Opening Up As A Photographer

It is interesting how my comfort level with public photography changes from time to time and location to location. I am usually not a person for public photography, just because it seems like it is viewed negatively. I carry my camera when I go places, therefore, I am a photographer, but what do others see? Do others seem me simply as an artistic photographer, or perhaps they think I might be interested in photo journalism? The worst possible thing is that I think a lot of people may just feel as though they are in danger when a photographer is near. When I stopped for gas today I pulled my camera out after filling up, simply because the building across the street from the gas station was interesting to me (see exhibit A below). I was not aware of it, but apparently 2 people changed from being “normal” to being “alert” as soon as I pulled out my camera for the shot. It isn’t even that great of a shot and I only tried 2 exposures (I was parked at the pump and didn’t want to be rude). That “alert” paranoia feeling is not healthy. It is a feeling that makes me, as a photographer, a little nervous about taking pictures in public, just because there is a fear there, and I really don’t like making people uncomfortable. I personally do not get the reason for the fear. Some people say it’s because of a terrorist threat. What threat? First, what good does it do someone to take photographs from places that the Google Bot Car is allowed to travel? Is it really helpful to have pictures of the outside of places? Also, when was the last time you saw a terrorist wielding a Nikon D90 (or similar)? Terrorists are much more likely to use something small and discreet, like the D90’s capable cousin, the Nikon Coolpix P90 (624mm reach, I’d say that’s a threat) [oh come on Chris, laugh].

Anyway, despite the two rednecks who either perceived me as a threat or thought I was simply crazy, I wasn’t afraid of taking the picture, and honestly why should I be? The actual destination of my trip for the day was UNC Charlotte, where I don’t have a lot of fear at all in carrying my D90 openly. It is a college campus, and no one seems to have a problem with photography. In fact, if anything is odd about college student response to a camera being somewhere, its that they are too respectful and accommodating. On several occasions Chris and I have shot from the sidewalk and people have gone behind us, on the grass, just to make sure they do not interfere with our shot, or in some cases, they will attempt to wait until we are finished. Chris and I joked today that a sign above our cameras stating our apparent focal length might be useful in letting people know that they aren’t in the way (somehow I doubt many people would get that 70mm+ out means they won’t bother us passing 2 feet in front of us). I like carrying my camera everywhere, and I want to keep doing it, I just have to feel like I am not offending anyone by doing so. The worst part of how I feel at the moment is that I don’t care if it offends people or not. As long as I am on public ground and not trying to circumvent anyone’s privacy, then I have no reason to not do what I enjoy.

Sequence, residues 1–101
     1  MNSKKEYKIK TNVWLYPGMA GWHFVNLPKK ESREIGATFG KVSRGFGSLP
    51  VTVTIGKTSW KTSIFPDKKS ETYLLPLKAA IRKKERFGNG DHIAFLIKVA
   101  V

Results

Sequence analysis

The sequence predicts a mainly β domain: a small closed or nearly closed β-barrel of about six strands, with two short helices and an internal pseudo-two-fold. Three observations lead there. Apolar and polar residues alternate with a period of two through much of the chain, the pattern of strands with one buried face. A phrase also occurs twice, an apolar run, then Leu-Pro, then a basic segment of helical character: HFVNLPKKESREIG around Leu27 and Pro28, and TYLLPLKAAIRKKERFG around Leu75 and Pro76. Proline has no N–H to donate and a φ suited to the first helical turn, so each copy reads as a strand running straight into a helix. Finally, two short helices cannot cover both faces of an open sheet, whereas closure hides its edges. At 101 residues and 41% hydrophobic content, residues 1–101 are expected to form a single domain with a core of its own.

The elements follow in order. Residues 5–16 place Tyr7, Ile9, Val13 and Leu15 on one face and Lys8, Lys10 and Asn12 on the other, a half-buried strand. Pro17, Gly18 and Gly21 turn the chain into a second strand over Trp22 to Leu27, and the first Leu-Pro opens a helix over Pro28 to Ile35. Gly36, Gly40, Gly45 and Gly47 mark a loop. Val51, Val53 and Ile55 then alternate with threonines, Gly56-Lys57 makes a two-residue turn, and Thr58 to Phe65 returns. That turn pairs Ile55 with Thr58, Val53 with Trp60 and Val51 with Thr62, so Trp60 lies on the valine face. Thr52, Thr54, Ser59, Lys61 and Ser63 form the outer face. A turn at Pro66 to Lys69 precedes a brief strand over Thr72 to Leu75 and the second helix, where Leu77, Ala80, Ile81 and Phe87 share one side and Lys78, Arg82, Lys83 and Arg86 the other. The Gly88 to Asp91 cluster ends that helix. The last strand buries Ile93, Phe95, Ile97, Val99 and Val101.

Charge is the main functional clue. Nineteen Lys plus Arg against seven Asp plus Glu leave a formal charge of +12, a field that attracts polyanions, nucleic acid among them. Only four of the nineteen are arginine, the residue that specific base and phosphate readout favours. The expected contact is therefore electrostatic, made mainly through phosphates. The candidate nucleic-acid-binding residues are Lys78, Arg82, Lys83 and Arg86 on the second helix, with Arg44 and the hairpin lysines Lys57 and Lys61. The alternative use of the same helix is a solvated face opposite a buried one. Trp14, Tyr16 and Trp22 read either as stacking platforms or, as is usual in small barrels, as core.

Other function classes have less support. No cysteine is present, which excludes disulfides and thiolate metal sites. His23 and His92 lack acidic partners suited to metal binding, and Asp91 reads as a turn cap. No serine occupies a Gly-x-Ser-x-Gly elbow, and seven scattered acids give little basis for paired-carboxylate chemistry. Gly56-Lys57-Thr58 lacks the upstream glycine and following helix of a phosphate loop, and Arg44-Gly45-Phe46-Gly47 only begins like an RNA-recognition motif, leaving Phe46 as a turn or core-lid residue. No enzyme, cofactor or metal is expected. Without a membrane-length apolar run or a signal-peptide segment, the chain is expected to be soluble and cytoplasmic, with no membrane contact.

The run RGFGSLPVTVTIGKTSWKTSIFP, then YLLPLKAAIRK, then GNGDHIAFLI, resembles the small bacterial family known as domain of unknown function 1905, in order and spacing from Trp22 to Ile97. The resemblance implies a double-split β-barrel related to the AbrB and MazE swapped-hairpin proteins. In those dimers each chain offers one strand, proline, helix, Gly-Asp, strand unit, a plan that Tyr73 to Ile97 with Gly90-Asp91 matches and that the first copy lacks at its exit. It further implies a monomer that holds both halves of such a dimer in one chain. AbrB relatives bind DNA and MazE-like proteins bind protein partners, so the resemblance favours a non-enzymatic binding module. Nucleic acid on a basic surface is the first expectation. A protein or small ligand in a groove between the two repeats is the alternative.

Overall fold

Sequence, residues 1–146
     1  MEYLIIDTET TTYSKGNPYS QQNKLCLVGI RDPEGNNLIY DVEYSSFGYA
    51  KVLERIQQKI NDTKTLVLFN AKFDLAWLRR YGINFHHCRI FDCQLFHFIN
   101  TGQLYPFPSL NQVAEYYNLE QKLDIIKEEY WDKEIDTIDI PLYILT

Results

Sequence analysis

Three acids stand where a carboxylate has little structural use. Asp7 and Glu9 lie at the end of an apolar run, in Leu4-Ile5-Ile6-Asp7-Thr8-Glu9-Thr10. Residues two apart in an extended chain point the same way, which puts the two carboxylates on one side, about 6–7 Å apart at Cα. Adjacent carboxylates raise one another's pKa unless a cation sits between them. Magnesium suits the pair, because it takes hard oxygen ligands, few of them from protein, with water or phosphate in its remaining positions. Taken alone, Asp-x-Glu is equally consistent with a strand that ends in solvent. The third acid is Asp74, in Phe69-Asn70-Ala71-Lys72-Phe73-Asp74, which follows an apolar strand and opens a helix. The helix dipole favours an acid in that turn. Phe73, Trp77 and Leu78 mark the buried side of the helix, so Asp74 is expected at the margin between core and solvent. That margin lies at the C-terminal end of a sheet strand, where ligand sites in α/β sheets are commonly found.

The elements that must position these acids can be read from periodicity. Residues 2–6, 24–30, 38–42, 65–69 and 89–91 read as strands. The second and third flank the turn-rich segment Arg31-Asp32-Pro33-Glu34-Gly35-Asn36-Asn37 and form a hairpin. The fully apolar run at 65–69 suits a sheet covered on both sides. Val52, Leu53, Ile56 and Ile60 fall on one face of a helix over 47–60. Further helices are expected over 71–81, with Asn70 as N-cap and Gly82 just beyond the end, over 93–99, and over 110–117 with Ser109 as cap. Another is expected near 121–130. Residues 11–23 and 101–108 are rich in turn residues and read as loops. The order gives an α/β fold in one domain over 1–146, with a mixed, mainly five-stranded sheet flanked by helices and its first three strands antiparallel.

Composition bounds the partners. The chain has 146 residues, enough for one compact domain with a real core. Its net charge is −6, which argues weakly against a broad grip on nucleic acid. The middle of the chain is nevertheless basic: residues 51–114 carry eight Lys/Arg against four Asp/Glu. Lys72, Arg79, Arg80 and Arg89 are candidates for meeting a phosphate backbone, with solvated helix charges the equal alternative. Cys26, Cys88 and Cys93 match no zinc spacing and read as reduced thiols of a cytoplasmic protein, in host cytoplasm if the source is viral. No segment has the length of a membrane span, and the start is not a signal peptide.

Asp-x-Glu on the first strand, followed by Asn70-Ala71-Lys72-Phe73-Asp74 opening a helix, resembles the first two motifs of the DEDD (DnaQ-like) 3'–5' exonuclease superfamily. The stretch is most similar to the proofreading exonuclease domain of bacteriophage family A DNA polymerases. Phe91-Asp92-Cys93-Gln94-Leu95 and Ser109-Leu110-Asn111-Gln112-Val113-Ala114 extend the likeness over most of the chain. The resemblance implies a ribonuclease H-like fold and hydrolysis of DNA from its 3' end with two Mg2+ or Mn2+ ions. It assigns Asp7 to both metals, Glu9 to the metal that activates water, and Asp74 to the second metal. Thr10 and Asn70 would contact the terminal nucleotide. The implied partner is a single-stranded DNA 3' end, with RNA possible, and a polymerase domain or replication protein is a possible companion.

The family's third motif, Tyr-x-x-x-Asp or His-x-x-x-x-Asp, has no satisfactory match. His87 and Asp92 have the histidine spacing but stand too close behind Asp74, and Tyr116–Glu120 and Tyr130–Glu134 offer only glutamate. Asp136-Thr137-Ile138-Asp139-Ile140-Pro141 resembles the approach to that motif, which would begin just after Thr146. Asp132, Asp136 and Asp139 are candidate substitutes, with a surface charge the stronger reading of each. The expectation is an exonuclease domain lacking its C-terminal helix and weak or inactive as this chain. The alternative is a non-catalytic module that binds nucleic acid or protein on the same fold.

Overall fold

Exhibit A

One thought on “Opening Up As A Photographer

  1. Don’t let people hinder you ever. Art (in all forms) is about expressing self. People don’t have to be comfortable with the creation of said art anymore than they have to be comfortable with the final outcome (assuming there is one, some artist never finish some works).
    You just keep doing what you’re doing and, as I’v said before, fuck the world.
    *nods head affirmatively*

Comments are closed.